Inborn errors of metabolism and diabetes share common derangements in analytes of metabolic networks that are tested for in newborn screening, usually performed 48–72 h after birth. There is limited research examining the metabolic imprint of diabetes on newborn screening results. This paper aims to demonstrate the links between diabetes, biochemical genetics and newborn screening in investigating disease pathophysiology in diabetes, provide possible reasons for the lack of research in diabetes in newborn screening and offer recommendations on potential research areas. We performed a systematic search of the available literature from 1 April 1998 to 31 December 2018 involving newborn screening and diabetes using OVID, MEDLINE, Cochrane and the PROSPERO register, utilizing a modified extraction tool adapted from Cochrane. Eight studies were included after screening 1312 records. Five studies reanalyzed dried blood spots (DBS) on filter paper cards, and three studies utilized pre-existing results. The results of these studies and how they relate to cord blood studies, the use of cord blood versus newborn screening dried blood spots as a sample and considerations on newborn screening and diabetes research is further discussed. The timing of sampling of newborn screening allows insight into neonatal physiology in a catabolic state with minimal maternal and placental influence. This, combined with the wide coverage of newborn screening worldwide, may aid in our understanding of the origins of diabetes.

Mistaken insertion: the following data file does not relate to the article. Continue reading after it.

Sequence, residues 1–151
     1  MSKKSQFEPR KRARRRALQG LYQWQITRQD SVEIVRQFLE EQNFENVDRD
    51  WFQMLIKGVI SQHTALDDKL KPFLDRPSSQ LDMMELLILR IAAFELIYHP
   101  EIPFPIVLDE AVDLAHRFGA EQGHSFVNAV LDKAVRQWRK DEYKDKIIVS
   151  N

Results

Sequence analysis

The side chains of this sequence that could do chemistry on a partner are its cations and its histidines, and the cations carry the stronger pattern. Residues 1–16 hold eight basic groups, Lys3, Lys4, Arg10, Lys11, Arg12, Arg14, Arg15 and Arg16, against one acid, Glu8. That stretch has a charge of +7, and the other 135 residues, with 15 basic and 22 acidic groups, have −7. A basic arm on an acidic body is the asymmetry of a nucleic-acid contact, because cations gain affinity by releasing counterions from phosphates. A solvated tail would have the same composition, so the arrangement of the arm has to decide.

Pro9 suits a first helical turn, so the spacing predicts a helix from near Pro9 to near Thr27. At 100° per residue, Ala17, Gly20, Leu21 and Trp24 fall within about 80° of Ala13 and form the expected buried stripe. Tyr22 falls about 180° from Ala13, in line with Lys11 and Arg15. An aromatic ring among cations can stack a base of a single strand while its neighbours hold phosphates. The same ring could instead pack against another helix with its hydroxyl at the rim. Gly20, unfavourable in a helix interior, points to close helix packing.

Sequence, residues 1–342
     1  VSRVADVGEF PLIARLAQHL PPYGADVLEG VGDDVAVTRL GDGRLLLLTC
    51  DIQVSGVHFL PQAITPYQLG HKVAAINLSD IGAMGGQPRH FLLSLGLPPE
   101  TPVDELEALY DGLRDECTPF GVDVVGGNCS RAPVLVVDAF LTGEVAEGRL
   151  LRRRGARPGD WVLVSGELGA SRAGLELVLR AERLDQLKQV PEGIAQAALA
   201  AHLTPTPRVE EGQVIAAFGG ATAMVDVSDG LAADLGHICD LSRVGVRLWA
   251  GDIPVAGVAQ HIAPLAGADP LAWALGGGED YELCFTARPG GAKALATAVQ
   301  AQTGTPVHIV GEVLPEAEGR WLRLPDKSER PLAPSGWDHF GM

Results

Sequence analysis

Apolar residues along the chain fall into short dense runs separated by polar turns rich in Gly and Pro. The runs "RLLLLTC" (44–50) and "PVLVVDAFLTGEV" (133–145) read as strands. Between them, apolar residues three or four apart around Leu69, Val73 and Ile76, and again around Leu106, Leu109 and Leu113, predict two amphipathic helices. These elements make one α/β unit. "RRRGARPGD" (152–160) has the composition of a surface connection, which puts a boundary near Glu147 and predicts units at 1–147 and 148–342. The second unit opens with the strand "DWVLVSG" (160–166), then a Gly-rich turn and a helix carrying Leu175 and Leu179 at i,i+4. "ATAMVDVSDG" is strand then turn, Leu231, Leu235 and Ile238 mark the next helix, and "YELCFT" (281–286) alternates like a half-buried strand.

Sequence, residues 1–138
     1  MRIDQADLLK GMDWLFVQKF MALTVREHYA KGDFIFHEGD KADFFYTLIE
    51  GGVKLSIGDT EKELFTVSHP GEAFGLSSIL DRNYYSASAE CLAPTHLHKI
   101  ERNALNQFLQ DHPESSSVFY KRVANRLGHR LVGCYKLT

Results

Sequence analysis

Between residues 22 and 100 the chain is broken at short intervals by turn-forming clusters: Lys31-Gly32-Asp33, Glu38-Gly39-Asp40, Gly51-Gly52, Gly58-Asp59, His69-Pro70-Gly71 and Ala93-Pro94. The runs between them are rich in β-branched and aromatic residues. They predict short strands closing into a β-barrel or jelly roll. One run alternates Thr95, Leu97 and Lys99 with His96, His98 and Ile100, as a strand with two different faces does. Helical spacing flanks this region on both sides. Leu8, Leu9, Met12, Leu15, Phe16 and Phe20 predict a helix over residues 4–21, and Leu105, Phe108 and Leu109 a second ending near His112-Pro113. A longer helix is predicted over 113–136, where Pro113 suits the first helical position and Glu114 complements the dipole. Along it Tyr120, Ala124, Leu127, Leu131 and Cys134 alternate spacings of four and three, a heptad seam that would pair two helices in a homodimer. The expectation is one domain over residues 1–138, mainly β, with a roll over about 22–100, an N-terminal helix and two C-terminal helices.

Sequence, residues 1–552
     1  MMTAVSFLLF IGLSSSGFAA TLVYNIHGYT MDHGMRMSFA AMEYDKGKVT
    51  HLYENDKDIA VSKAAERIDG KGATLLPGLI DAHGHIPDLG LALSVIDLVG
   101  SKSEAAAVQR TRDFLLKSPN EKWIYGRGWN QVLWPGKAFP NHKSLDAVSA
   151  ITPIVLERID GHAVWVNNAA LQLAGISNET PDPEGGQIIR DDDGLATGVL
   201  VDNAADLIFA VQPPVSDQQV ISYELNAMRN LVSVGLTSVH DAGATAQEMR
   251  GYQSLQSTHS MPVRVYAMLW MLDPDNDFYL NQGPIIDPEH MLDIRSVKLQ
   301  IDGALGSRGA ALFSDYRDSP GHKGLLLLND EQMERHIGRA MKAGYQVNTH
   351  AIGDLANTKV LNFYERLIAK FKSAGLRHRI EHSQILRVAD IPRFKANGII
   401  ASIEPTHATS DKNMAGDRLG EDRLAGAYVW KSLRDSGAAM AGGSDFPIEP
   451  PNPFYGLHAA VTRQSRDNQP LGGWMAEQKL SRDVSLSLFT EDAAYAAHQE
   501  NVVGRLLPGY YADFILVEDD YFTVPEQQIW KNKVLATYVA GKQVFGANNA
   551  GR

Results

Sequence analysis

This is an open access article distributed under the Creative Commons Attribution License
which permits unrestricted use, distribution, and reproduction in any medium, provided the original work is properly cited